The History of Canadian Rock ‘n’ Roll, by Bob Mersereau (2015): Books

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What comes to mind when thinking of Canada? Beautiful scenery? Hockey? Geese? Maple syrup? Brightly colored flags? Kings and Queens? Music? Canada certainly has parented a slew of winning acts, and this great book provides a comprehensive study of the country’s diversified sounds.

An enthused forward penned by Rush drummer Neil Peart sets the tone of The History of Canadian Rock ‘n’ Roll, which is covered in a sequenced timeline. Author Bob Mersereau, who has been involved in various aspects of the biz for 30 years, approaches the subject matter with so much passion and knowledge that you feel as though you are experiencing the music and incidents firsthand.

While the birth, background and rise of red hot performers like the Guess Who, Neil Young, Joni Mitchell, the Four Lads, Bachman Turner Overdrive, Gordon Lightfoot, Rush, Bryan Adams, April Wine, Sarah MacLachlan, Leonard Cohen, Arcade Fire, the Band, Celine Dion, Anne Murray, Nickelback, Alanis Morissette, Loverboy and Ian and Sylvia are given plenty of ink, The History of Canadian Rock ‘n’ Roll (Backbeat Books) further salutes acts that attained only regional success such as the Esquires, Terry Black, the Ugly Ducklings, Mandala, the Haunted, Teenage Head, Michael Pagliaro, Kensington Market, Chilliwack, the Diodes, the Collectors, the Paupers, and Max Webster.

It’s also good to read about artists that have largely been forgotten — on a wider scale, that is — including Andy Kim, Nick Gilder, Terry Jacks, Mashmakhan, the Stampeders, and Martha and the Muffins.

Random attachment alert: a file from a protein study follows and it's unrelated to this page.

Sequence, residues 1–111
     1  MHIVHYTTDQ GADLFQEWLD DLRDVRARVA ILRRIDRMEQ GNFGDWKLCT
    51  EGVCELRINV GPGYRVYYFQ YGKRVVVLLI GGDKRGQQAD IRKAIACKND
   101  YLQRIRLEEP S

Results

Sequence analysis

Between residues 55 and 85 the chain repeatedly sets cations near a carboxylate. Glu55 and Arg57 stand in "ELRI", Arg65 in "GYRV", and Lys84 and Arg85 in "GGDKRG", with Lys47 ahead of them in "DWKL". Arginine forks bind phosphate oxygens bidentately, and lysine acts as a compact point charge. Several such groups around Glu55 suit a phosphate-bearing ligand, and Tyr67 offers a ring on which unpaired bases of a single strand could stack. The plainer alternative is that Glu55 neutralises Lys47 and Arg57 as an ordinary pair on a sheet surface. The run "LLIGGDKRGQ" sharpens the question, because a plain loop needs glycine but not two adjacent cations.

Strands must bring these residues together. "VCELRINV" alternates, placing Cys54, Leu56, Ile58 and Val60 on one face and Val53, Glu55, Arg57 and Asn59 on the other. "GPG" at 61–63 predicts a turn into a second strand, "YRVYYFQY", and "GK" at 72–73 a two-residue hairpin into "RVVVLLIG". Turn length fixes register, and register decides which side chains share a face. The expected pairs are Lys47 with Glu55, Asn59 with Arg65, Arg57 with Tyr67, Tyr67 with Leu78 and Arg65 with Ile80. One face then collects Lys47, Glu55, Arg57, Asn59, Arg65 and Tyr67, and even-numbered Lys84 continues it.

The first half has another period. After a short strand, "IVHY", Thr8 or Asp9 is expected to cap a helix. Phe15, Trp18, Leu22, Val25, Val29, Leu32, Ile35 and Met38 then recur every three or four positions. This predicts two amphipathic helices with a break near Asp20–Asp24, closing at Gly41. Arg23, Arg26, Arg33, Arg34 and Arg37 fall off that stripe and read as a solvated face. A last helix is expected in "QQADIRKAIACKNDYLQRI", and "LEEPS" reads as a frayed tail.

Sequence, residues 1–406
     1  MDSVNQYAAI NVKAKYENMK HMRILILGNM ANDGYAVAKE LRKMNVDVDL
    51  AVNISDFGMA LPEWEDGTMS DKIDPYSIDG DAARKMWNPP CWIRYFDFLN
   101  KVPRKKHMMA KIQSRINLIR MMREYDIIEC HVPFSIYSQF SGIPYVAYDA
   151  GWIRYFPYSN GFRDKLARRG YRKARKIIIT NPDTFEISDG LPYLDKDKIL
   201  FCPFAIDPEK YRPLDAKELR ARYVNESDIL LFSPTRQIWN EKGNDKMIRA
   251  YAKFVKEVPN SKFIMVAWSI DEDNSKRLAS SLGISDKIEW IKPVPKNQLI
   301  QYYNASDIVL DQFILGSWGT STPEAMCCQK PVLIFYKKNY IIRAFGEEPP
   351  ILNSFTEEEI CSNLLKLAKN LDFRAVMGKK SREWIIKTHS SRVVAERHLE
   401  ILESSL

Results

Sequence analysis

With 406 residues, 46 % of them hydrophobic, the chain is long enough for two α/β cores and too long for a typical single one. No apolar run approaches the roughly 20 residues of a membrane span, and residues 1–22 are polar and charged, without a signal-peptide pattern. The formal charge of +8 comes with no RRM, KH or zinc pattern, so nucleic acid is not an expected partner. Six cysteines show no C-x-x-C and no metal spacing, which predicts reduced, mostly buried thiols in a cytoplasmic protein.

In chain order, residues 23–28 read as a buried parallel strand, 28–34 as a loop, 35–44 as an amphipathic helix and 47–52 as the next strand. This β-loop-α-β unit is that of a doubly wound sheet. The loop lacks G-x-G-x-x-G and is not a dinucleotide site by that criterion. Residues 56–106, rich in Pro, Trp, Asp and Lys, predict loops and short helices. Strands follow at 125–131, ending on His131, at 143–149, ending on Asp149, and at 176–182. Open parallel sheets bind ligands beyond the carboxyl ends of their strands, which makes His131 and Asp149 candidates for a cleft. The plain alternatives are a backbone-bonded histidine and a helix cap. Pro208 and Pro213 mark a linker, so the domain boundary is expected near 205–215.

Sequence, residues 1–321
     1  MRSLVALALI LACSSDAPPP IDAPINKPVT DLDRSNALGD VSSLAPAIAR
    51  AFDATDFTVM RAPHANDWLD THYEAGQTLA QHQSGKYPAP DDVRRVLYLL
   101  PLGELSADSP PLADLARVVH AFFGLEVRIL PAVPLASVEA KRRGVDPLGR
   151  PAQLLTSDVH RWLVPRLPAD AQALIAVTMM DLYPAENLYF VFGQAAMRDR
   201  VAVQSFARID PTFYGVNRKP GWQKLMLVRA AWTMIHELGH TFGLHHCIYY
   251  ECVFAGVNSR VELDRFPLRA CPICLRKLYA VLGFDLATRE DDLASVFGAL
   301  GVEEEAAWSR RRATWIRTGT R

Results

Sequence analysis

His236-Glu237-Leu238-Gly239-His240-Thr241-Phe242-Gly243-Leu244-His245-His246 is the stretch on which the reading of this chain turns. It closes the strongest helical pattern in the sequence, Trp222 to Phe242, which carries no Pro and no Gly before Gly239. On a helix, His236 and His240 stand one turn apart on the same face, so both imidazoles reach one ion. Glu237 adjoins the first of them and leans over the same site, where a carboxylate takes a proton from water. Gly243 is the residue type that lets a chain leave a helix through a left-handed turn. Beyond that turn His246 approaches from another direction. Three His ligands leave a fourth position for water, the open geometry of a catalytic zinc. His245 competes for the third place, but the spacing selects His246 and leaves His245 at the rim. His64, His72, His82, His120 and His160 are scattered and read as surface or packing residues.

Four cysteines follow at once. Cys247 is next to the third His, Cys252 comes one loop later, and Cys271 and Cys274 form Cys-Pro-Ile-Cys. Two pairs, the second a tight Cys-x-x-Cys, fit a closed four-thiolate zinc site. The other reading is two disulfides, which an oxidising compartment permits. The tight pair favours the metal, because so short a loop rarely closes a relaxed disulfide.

Up until the late 1960s and early ’70s, Canadian radio stations seldom promoted homegrown music. It was a real struggle to get one’s records played, and Bob Mersereau’s The History of Canadian Rock ‘n’ Roll discusses at length the mechanics of the broadcasting system. Despite the lack of support, scenes thrived, and the book additionally furnishes ample information on the coffeehouses, clubs, and auditoriums that hosted the music.

Touching base on everything and anything from teen idol pop to folk to British Invasion-influenced styles to garage rock to psychedelia to hard rock to heavy metal to punk rock to new wave to rap to alternative rock, Bob Mersereau’s The History of Canadian Rock ‘n’ Roll affirms just how multi-faceted and progressive the country is. Canada’s contributions to music remain immeasurable, and here’s the story behind the people and recordings that made it and continue to make it happen.

Beverly Paterson

Beverly Paterson

Beverly Paterson was born the day Ben E. King hit No. 4 with "Stand By Me" -- which is actually one of her favorite songs, especially John Lennon's version. She's contributed to Lance Monthly and Amplifier, and served as Rock Beat International's associate editor. Paterson has also published Inside Out, and Twist & Shake. Contact Something Else! at reviews@somethingelsereviews.com.
Beverly Paterson
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